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Positive Results From Conflict

by Jeff Thompson
April 2009

From Jeff Thompson's Enjoy Mediation Blog

Jeff Thompson




As a follow up to the Circle of Conflict post [here], I thought I would talk a bit more about conflict and how it seems to many people, when they hear the word 'conflict' they automatically think of it being defined as something negative.

Of course we know conflict can be good or bad. Factors in deciding which path it goes down are the choices we make in response or reaction to the conflict at hand.

There are numerous positive things that can result from a conflict. From the United Nations training manual: Skills Development For Conflict Transformation (page 6):


�� Conflict helps establish our identity and independence. Conflicts, especially at earlier stages of your life, help you assert your personal identity as separate from the aspirations, beliefs and behaviours of those around you.


�� Intensity of conflict demonstrates the closeness and importance of relationships. Intimate relationships require us to express opposing feelings such as love and anger. The coexistence of these emotions in a relationship create a sharpness when conflicts arise. While the intensity of emotions can threaten the relationship, if they are dealt with constructively, they also help us measure the depth and importance of the relationship.

�� Conflict can build new relationships. At times, conflict brings together people who did not have a previous relationship. During the process of conflict and its resolution, these parties may find out that they have common interests and then work to maintain an ongoing relationship.

�� Conflict can create coalitions. Similar to building relationships, sometimes adversaries come together to build coalitions to achieve common goals or fend off a common threat. During the conflict, previous antagonism is suppressed to work towards these greater goals.

�� Conflict serves as a safety-valve mechanism which helps to sustain relationships. Relationships which repress disagreement or conflict grow rigid over time, making them brittle. Exchanges of conflict, at times through the assistance of a third-party, allows people to vent pent-up hostility and reduce tension in a relationship.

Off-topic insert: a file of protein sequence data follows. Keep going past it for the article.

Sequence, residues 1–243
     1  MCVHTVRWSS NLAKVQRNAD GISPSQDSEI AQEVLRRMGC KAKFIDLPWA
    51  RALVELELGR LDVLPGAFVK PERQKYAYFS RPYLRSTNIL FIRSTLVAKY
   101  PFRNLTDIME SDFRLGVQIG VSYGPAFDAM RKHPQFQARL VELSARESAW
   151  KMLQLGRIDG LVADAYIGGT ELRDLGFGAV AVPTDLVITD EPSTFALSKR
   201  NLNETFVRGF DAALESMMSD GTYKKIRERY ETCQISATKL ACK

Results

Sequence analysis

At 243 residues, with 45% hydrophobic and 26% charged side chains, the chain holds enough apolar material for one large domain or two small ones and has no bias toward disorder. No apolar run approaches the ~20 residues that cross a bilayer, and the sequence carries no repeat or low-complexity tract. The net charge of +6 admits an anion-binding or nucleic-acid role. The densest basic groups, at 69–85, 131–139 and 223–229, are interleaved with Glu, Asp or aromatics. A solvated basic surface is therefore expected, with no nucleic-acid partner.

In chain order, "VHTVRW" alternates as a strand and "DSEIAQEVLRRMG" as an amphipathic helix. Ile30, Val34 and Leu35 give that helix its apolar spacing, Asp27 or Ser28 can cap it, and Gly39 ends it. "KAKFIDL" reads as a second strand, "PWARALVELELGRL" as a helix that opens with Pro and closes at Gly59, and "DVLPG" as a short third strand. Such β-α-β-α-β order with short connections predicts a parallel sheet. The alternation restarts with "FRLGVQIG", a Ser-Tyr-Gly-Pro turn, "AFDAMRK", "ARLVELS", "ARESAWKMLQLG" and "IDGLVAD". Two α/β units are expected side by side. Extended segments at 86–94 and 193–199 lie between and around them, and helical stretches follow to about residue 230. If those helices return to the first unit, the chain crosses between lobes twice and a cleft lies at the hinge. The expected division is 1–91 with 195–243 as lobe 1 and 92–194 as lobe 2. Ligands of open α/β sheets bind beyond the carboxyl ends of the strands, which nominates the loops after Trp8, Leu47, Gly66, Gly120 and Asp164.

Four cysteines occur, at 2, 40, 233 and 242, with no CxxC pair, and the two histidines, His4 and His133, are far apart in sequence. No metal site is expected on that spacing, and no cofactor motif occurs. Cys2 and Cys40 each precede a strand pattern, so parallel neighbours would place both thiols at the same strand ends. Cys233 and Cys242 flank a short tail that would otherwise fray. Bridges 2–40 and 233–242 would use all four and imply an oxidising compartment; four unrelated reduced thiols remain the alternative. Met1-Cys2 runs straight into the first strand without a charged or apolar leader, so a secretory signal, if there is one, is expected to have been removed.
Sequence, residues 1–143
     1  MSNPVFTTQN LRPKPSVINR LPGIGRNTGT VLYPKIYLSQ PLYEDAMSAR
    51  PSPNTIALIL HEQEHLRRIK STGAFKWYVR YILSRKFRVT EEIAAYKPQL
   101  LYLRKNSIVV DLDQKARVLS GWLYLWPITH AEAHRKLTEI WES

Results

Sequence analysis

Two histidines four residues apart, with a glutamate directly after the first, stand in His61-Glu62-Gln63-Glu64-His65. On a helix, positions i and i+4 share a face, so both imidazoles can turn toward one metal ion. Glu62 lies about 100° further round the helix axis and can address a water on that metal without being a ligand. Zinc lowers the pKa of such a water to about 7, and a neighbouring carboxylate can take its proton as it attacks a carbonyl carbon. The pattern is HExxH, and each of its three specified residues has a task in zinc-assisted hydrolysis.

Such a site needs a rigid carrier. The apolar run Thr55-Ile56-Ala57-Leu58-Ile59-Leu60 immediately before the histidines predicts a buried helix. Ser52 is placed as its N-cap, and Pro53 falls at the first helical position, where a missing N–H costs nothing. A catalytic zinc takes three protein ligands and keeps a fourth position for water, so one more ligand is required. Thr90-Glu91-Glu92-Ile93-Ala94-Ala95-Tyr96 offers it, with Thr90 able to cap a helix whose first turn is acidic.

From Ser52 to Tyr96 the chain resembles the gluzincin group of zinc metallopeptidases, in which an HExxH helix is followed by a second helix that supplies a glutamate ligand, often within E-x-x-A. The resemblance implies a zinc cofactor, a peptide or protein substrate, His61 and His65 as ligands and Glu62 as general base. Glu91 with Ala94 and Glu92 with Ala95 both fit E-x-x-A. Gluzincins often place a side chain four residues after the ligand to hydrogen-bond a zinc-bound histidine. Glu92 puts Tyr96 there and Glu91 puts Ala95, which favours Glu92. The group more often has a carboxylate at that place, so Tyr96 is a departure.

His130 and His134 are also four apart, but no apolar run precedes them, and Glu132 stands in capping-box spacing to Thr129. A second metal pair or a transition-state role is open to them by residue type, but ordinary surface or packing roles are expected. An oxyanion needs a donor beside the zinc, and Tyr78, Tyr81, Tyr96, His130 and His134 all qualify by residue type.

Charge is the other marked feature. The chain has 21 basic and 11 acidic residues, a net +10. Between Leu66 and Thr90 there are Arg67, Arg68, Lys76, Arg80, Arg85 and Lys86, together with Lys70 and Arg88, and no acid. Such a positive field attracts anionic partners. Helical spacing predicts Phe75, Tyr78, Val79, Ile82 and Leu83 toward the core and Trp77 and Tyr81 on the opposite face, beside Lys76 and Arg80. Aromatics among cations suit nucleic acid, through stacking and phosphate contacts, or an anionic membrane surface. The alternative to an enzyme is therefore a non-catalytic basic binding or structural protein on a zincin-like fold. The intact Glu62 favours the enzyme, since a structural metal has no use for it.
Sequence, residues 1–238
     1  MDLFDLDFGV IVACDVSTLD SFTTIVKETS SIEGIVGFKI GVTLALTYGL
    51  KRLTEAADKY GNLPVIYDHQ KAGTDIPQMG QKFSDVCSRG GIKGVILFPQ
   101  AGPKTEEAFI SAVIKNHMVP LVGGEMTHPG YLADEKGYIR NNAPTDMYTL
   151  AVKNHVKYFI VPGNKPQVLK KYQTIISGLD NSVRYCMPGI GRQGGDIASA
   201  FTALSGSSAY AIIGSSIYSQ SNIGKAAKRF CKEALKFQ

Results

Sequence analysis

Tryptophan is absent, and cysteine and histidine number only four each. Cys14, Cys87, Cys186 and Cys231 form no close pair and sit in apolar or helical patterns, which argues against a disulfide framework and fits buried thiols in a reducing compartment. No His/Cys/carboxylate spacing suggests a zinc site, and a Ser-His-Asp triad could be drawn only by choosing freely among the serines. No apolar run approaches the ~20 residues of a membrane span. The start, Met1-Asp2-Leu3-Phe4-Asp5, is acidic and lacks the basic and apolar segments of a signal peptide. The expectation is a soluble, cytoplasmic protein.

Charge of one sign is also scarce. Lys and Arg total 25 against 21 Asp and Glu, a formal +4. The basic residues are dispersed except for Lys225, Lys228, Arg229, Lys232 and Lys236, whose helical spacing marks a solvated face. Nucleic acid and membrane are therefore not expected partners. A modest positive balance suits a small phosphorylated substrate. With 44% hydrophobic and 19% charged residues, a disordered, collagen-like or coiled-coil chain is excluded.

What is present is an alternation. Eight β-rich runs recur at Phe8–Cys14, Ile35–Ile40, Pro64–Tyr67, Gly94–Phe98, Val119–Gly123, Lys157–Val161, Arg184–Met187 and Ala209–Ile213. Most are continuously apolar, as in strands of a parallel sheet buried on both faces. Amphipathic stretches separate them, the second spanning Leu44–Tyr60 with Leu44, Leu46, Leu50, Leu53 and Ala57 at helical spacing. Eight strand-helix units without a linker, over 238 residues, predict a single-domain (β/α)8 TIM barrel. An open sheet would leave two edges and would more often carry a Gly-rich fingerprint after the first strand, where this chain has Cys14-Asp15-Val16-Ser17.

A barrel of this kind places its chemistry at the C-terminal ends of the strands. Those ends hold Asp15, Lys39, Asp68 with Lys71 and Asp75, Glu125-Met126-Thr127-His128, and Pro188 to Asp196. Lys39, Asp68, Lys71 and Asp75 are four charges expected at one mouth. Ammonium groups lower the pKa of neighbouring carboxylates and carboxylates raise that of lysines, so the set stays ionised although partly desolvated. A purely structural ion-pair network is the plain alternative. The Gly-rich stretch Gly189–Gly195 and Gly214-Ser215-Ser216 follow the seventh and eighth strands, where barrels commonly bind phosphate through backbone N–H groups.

�� Conflict helps parties assess each other’s power and can work to redistribute power in a system of conflict. Because there are few ways to truly measure the power of the other party, conflicts sometimes arise to allow parties to assess one another's strength. In cases where there is an imbalance of power, a party may seek ways to increase its internal power. This process can often change the nature of power within the conflict system.

�� Conflict establishes and maintains group identities. Groups in conflict tend to create clearer boundaries which help members determine who is part of the “in-group” and who is part of the “out-group”. In this way, conflict can help individuals understand how they are part of a certain group and mobilise them to take action to defend the group’s interests.

�� Conflicts enhance group cohesion through issue and belief clarification. When a group is threatened, its members pull together in solidarity. As they clarify issues and beliefs, renegades and dissenters are weeded out of the group, creating a more sharply defined ideology on which all members agree.

�� Conflict creates or modifies rules, norms, laws and institutions. It is through the raising of issues that rules, norms, laws and institutions are changed or created. Problems or frustrations left unexpressed result in the maintaining of the status quo.

Biography


Jeff Thompson, Ph.D., is a professor at Lipscomb University, researcher, mediator, and trainer. He is also involved in crisis and hostage negotiation as well as a law enforcement detective. His research includes law enforcement crisis and hostage negotiation in terrorist incidents. He received his doctorate from Griffith University Law School having researched the impact nonverbal communication has in conflict situations with respect to developing rapport, building trust, and displaying professionalism.

Dr. Thompson has presented and trained on the topic of conflict, mediation, (crisis and hostage) negotiation, communication and nonverbal communication internationally for a variety of audiences including police personnel, government officials, judges, attorneys, physicians, sales people, business professionals, and both graduate and undergraduate students. He has also been published in numerous professional and academic publications.

He is the co-chair of ACR's national Crisis Negotiation Section, and he is an ad-hoc reviewer for multiple academic journals. He received his MS in Negotiation and Dispute Resolution from the Werner Institute, Creighton University School of Law.

(All posts by Jeff Thompson represent his personal reflections and opinions and not that of any organization.)



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